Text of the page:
The 8p11 myeloproliferative syndrome: Genotypic and phenotypic classification and targeted therapy

Front Oncol. 2022 Nov 3:12:1015792. doi: 10.3389/fonc.2022.1015792. eCollection 2022.


EMS(8p11 myeloproliferative syndrome, EMS) is an aggressive hematological neoplasm with/without eosinophilia caused by a rearrangement of the FGFR1 gene at 8p11-12. It was found that all cases carry chromosome abnormalities at the molecular level, not only the previously reported chromosome translocation and insertion but also a chromosome inversion. These abnormalities produced 17 FGFR1 fusion genes, of which the most common partner genes are ZNF198 on 13q11-12 and BCR of 22q11.2. The clinical manifestations can develop into AML (acute myeloid leukemia), T-LBL (T-cell lymphoblastic lymphoma), CML (chronic myeloid leukemia), CMML (chronic monomyelocytic leukemia), or mixed phenotype acute leukemia (MPAL). Most patients are resistant to traditional chemotherapy, and a minority of patients achieve long-term clinical remission after stem cell transplantation. Recently, the therapeutic effect of targeted tyrosine kinase inhibitors (such as pemigatinib and infigratinib) in 8p11 has been confirmed in vitro and clinical trials. The TKIs may become an 8p11 treatment option as an alternative to hematopoietic stem cell transplantation, which is worthy of further study.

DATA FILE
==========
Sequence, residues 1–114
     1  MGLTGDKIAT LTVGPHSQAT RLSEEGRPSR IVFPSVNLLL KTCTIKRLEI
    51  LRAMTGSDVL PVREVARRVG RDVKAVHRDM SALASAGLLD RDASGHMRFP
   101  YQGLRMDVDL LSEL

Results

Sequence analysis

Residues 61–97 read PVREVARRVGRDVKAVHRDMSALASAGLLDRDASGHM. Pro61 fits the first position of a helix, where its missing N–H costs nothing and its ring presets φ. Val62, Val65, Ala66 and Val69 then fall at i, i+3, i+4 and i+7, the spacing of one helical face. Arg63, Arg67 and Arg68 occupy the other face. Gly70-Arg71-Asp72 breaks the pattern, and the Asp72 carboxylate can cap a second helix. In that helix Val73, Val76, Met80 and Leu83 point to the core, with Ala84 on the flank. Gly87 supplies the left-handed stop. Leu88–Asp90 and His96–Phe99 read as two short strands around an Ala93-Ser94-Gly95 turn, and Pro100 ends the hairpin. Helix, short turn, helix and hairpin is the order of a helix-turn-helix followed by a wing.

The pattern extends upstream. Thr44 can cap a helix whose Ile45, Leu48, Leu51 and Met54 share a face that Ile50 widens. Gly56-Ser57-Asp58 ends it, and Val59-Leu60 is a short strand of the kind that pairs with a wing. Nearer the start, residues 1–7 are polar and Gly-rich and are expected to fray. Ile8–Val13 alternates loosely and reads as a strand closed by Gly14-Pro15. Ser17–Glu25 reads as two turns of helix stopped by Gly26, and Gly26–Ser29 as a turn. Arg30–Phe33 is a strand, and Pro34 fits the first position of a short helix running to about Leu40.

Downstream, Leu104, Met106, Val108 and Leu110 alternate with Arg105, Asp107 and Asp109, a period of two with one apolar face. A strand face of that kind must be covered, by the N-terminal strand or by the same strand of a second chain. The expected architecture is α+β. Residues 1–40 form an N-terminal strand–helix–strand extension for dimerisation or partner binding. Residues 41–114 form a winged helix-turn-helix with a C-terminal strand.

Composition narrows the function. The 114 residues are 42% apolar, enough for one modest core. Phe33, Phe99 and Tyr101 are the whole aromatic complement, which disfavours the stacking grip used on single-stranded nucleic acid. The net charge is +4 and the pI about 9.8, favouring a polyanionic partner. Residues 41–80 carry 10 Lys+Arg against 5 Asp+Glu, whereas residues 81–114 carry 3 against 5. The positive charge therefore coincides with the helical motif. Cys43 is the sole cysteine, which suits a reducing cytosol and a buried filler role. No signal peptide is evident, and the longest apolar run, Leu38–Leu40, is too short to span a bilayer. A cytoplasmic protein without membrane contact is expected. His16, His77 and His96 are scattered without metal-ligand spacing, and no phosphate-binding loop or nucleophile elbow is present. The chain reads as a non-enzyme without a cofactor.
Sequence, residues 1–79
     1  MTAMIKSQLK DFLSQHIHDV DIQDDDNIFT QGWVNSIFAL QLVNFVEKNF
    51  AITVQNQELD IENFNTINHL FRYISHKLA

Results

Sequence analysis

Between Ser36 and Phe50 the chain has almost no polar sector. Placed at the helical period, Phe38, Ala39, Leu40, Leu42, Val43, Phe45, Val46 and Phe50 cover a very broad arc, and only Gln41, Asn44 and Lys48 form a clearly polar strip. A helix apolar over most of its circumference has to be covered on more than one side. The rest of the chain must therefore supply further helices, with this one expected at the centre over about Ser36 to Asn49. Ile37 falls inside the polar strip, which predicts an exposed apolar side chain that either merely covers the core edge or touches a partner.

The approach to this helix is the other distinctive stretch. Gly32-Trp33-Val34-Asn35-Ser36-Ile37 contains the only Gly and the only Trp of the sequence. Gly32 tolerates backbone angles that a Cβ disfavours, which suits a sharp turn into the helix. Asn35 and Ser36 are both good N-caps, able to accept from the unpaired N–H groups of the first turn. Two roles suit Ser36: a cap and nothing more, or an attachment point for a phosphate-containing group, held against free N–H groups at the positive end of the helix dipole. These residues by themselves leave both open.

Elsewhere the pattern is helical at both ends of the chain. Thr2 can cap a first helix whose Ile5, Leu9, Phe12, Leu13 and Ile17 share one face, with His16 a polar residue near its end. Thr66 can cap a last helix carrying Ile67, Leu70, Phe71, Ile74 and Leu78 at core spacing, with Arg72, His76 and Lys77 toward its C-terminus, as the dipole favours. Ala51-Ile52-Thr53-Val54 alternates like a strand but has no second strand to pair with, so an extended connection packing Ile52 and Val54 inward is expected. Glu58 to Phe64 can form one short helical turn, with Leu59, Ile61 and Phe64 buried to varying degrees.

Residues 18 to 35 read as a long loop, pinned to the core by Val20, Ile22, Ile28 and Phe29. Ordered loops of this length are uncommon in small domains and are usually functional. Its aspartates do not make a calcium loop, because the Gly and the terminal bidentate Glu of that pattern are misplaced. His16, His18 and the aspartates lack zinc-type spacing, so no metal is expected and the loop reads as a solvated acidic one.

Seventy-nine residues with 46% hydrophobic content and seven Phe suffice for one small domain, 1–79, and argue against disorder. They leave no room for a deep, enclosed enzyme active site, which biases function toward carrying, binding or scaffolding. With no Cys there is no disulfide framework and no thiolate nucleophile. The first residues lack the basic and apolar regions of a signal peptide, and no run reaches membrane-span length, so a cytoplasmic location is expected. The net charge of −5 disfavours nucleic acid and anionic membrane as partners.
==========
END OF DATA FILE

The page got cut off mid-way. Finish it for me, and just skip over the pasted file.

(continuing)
Keywords: EMS; FGFR1 rearrangement; infigratinib; pemigatinib; targeted therapy; tyrosine kinase inhibitors.

Publication types

  • Review